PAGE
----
AJR  Features :     * WEB ONLY    
From AJR,   April/May 2007

Shunning the I-Man   

Online Exclusive » It’s time for all those big-name journalists and politicos to abandon “Imus in the Morning.”

By Rem Rieder
Rem Rieder (rrieder@ajr.umd.edu) is AJR's editor and senior vice president.     

There are many things I don't understand. Nuclear physics. The stock market. Why anyone would watch "American Idol," even at gunpoint.

Add another to the list: Why people who should know better — people like "Meet the Press" host Tim Russert and Newsweek's Evan Thomas and Sen. John McCain — appear on "Imus in the Morning."

That's Imus as in Don Imus, the radio host with a penchant for racist insults.

Imus is in the news again for his comments about players for the Rutgers women's basketball team. After Rutgers lost to Tennessee in the NCAA championship game last week, Imus engaged in this sprightly dialogue with his sidekick and producer, Bernard McGuirk:

Imus: "That's some rough girls from Rutgers. Man, they've got tattoos.."

McGuirk: "Some hardcore hos."

Imus: "That's some nappy headed hos there, I'm going to tell you that."

That Imus would say something like this is about as surprising as Britney Spears busting out of rehab. He has, as they say, a history. And while insulting African Americans is nothing new for the I-Man — he once called Gwen Ifill, now host of PBS' "Washington Week," a "cleaning lady" — he's pretty much an equal opportunity jerk.

His latest paroxysm was greeted, quite rightly, with outrage and calls for his ouster. But it looks like Imus will skate yet again. After first dismissing the contretemps as no big deal, he wisely did a one-eighty and went into damage-control mode, apologizing for an "insensitive and ill-conceived remark."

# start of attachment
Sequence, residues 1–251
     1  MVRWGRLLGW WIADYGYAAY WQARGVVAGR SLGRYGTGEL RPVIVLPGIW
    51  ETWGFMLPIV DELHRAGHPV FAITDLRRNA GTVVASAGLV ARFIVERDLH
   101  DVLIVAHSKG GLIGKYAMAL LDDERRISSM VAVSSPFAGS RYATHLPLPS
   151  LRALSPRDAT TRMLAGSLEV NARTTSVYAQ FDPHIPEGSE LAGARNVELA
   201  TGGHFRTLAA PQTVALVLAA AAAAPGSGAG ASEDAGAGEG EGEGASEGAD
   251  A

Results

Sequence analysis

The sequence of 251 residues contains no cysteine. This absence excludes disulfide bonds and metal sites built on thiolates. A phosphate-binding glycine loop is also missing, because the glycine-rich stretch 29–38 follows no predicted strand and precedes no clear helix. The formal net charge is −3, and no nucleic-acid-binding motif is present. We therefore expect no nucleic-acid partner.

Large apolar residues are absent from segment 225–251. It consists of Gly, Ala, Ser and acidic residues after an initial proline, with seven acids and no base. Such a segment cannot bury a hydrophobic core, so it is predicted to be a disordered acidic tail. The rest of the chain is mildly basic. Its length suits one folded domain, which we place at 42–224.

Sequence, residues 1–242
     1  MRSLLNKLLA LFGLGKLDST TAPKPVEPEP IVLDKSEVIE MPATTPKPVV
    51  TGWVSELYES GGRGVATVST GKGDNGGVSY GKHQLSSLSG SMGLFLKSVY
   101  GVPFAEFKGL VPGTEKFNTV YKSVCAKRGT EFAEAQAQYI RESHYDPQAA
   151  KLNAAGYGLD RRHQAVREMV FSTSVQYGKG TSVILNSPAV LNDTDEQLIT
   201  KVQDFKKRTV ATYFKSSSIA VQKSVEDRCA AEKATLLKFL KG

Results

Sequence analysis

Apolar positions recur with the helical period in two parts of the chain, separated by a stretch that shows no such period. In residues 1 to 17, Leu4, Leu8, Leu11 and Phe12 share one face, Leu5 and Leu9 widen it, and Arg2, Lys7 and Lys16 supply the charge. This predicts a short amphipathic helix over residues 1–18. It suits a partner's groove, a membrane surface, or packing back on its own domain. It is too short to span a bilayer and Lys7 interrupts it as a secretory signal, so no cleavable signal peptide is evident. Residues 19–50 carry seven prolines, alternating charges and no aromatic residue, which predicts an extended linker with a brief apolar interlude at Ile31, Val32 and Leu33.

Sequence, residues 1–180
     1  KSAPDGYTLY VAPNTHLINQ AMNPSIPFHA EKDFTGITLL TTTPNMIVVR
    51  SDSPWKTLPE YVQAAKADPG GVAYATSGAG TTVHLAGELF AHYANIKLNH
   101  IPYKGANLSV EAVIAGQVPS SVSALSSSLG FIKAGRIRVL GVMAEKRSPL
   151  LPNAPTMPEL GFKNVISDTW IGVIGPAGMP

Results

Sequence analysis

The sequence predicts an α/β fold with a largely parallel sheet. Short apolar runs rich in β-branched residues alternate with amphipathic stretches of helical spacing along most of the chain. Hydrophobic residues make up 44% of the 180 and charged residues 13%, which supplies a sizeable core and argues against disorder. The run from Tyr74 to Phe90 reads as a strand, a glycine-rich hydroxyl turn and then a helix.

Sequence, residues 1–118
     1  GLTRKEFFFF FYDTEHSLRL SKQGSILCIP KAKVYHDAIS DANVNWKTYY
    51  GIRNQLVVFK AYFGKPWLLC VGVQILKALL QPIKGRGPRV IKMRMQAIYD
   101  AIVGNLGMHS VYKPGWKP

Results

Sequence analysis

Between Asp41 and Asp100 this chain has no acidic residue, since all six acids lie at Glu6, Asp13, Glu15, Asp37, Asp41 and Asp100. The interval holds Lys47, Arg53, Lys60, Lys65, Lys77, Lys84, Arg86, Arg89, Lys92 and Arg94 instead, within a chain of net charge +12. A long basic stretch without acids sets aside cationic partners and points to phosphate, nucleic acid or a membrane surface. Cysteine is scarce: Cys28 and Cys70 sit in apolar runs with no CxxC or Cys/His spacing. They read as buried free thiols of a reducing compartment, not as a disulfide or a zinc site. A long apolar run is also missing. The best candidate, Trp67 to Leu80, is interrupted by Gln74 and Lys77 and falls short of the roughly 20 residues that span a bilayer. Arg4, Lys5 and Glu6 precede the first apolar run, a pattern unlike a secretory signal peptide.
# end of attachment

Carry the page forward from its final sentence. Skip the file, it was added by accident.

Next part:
WFAN-AM, where Imus' nationally syndicated show originates, and MSNBC, which simulcasts the program, both distanced themselves from the trash talker's racist comments but gave no hint that any disciplinary action was in the works.

That's where those big-time regulars come in.

It's time for Russert and Thomas and NBC's Andrea Mitchell and "Hardball" impresario Chris Matthews and Sens. McCain and Joseph Biden and Joe Lieberman — and many, many more — to, in the immortal words of Nancy Reagan, just say no.

By continuing to appear on a program hosted by a guy who makes comments this far beyond the pale, Russert & Co. are giving their tacit approval. They give Imus a protective cover of legitimacy. It's as if they're all members of the same club. Imus may be naughty, but, hey, he's just being Imus.

Well, naughty is fine. Ugly, racially tinged comments are not. And this isn't a one-shot episode. This is a career-long pattern.

And, no, this isn't about political correctness. I'm a big fan of freewheeling debate, and I'm concerned about the effort to sanitize speech, to enforce cookie-cutter views, to go so far to protect feelings as to stifle vigorous discussion. But this is a different level of magnitude.

And, hey, Imus has a First Amendment right to say whatever he wants. While it's discouraging that WFAN-AM and MSNBC want to embrace this type if behavior, I guess bidness is bidness.

That makes it all the more important that Russert and Thomas and McCain and the rest of the A-list do the right thing and walk away.